Legendary socialist writer Mike Davis used to put a prompt to his students: If you had a B-52 with unlimited tonnage, what ugly, antisocial buildings would you bomb? We put the question to urbanist thinkers who have been inspired by Davis’s writing.
Samuel Stein is a housing policy analyst and advocate in New York City, and author of the book Capital City: Gentrification and the Real Estate State.
Tech firms have been moving into New York since well before the pandemic. But over the course of the last year, that trend has only accelerated, with the biggest companies all significantly expanding their footprints across the city as retail businesses shutter.
Last week, New York tenants overcame the state’s powerful real-estate lobby to win a historic package of renter protections. Next stop: universal rent control.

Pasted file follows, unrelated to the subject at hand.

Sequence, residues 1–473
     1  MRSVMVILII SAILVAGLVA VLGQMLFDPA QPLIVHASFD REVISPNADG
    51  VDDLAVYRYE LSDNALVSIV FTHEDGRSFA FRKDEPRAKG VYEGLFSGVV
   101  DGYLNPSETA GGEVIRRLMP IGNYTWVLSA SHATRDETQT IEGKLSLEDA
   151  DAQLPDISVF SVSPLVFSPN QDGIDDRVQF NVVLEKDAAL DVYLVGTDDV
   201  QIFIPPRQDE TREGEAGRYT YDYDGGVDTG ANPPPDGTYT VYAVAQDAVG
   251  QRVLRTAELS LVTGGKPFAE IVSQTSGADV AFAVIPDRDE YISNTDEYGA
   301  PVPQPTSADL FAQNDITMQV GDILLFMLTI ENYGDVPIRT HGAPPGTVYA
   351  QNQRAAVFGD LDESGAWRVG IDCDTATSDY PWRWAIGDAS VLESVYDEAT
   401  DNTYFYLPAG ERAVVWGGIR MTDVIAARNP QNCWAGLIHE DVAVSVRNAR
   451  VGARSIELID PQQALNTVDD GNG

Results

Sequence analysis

What we need isn’t exclusionary zoning, inclusionary zoning, upzoning, downzoning, a zoning freeze, or no zoning at all. We need an anticapitalist planning movement.
Capitalists are already using the state to reshape our cities — we need to wield it in a radically different way to serve the interests of working people.
Today should be a day of celebration. Amazon is leaving New York, and we just dealt a blow to urban neoliberalism.
The Trump fortune was built off theft — from workers, from the state, and from the commons.
We need bold new transit projects. But Bill de Blasio’s streetcar plan shows we won’t get them by catering to private developers.
Bill de Blasio has put forward some progressive policies as New York City mayor. But he’s also primed the pump for real estate and finance.
By embracing inclusionary zoning, Mayor de Blasio gets to put forth a big, bold plan for reducing inequalities without challenging capitalists.